inviting for learners who are from underrepresented groups in computing because of their gender, race, ethnicity, or perceived ability. RECOMMENDATION 2: Practicing teachers in schools and facilitators in out-of-school time settings should seek out opportunities and materials on how to incorporate effective practices for creating authentic learning experiences in computing within an existing program that includes utilizing problem-/project-based learning strategies, allowing learner choice among activities, and considering learnersâ contexts outside of school time. RECOMMENDATION 3: Preservice and in-service teacher educators and trainers of out- of-school time facilitators should ensure that educators and facilitators are equipped to engage learners in personally authentic learning experiences in computing. This includes providing ongoing opportunities for educators to learn and practice using inclusive pedagogical approaches, as well as having access to materials and resources that build on learnersâ interests, identities, and backgrounds. RECOMMENDATION 4: School leaders should consider a variety of ways to provide access to authentic learning experiences for computing. These include (1) addressing challenges (e.g., lack of instructional time and teacher expertise) associated with integrating authentic computing experiences into instruction in a variety of subjects, (2) increasing access to stand-alone computing courses, and (3) ensuring schools have adequate resources such as equipment, reliable broadband Internet, and time. RECOMMENDATION 5: Program providers in out-of-school settings should increase efforts to expand access to authentic learning experiences for computing through growth of opportunities and active program promotion within underserved communities and in rural areas. This includes considering ways to reduce barriers to participation such as time, cost, and transportation. It also includes offering programs multiple times or during the evening and weekends, reducing program costs or offering financial assistance, and subsidizing transportation. RECOMMENDATION 6: Program evaluators should develop and apply robust models of evaluation that take into account the distinctive features of authentic learning experiences in computing. More specifically, this includes attending to personal and professional authenticity, considering connections across settings, and to the extent possible, disaggregating findings and examining differences between and within groups (e.g., gender, race, ethnicity, socio-economic status, etc.) for computing outcomes as a central part of model building and evaluation. RECOMMENDATION 7: There should be a broad-based effort to cultivate a network of opportunities, as well as supports for learners to navigate between them, both in and out- of-school to increase access and opportunities for sustained engagement with computing. To achieve this: ï· funders should support initiatives that make connections across settingsâboth formal and out-of-school settings including home and onlineâand between industry Prepublication Copy, Uncorrected Proofs S-3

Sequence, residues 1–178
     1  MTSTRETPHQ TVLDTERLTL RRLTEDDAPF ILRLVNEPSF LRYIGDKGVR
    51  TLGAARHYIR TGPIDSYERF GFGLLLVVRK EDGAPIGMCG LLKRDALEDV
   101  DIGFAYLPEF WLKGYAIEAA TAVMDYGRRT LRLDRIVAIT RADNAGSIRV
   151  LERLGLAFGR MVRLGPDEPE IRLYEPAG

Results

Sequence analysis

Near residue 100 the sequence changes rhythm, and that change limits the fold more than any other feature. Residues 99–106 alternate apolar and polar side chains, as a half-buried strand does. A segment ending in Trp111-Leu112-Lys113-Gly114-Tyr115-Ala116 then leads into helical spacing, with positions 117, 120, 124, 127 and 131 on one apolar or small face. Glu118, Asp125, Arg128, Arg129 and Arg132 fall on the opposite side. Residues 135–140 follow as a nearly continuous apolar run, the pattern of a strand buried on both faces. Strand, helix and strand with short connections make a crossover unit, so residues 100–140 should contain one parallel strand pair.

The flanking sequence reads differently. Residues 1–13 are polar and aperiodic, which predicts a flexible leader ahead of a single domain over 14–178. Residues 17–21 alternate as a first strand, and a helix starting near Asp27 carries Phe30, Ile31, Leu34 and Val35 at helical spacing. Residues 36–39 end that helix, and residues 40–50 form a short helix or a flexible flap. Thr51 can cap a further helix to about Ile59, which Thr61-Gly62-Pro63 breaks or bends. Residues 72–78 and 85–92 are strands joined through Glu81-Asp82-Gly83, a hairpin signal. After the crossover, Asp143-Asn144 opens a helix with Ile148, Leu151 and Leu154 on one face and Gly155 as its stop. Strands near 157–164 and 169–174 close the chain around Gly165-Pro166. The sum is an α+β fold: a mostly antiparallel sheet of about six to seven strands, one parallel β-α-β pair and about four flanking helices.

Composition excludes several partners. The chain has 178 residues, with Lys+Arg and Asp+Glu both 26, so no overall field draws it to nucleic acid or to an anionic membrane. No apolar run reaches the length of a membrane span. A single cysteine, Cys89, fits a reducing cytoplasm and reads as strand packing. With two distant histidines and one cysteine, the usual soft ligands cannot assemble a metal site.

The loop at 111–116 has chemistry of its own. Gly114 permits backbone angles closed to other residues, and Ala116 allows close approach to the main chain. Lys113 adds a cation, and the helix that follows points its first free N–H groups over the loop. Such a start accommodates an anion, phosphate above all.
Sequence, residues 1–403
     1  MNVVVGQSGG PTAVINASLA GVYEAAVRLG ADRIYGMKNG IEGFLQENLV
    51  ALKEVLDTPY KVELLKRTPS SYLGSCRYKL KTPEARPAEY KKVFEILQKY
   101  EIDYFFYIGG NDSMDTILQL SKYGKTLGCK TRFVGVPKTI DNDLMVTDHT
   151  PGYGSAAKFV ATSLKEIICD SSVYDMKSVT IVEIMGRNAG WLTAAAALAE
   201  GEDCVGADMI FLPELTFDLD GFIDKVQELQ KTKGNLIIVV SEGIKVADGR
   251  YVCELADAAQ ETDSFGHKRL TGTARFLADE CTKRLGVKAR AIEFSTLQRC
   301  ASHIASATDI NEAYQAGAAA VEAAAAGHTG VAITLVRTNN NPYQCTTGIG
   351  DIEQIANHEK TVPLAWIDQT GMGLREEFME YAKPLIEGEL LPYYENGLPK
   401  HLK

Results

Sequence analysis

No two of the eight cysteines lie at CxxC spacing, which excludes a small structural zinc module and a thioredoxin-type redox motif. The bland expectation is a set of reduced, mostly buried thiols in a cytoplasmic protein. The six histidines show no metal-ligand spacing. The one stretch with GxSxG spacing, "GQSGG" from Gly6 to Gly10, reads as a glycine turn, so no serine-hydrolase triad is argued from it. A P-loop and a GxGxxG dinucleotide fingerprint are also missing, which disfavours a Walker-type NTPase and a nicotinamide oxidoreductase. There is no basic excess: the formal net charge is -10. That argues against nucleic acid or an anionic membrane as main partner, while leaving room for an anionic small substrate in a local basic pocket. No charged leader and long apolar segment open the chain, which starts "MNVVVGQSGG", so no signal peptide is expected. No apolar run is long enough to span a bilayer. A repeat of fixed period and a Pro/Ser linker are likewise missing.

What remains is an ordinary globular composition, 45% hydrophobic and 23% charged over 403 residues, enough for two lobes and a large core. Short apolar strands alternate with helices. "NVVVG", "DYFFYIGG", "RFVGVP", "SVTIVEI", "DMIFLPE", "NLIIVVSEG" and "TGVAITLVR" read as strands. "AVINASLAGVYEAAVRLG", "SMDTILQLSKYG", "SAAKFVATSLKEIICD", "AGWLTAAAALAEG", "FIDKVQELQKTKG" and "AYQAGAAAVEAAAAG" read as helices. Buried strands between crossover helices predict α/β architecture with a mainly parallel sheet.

and educational efforts for authentic learning experiences in computing; ï· designers and educators across formal and out-of-school settings should consider tailoring to the community context, learnersâ backgrounds and experiences, and attending to cultural relevance; ï· local STEM institutions, schools, and out-of-school providers should develop partnerships that allow them to develop complementary programs that fill in gaps and connect learners to other opportunities within the network; and ï· stakeholders in the network should be sure that they are providing opportunities in communities of underrepresented learners. Prepublication Copy, Uncorrected Proofs S-4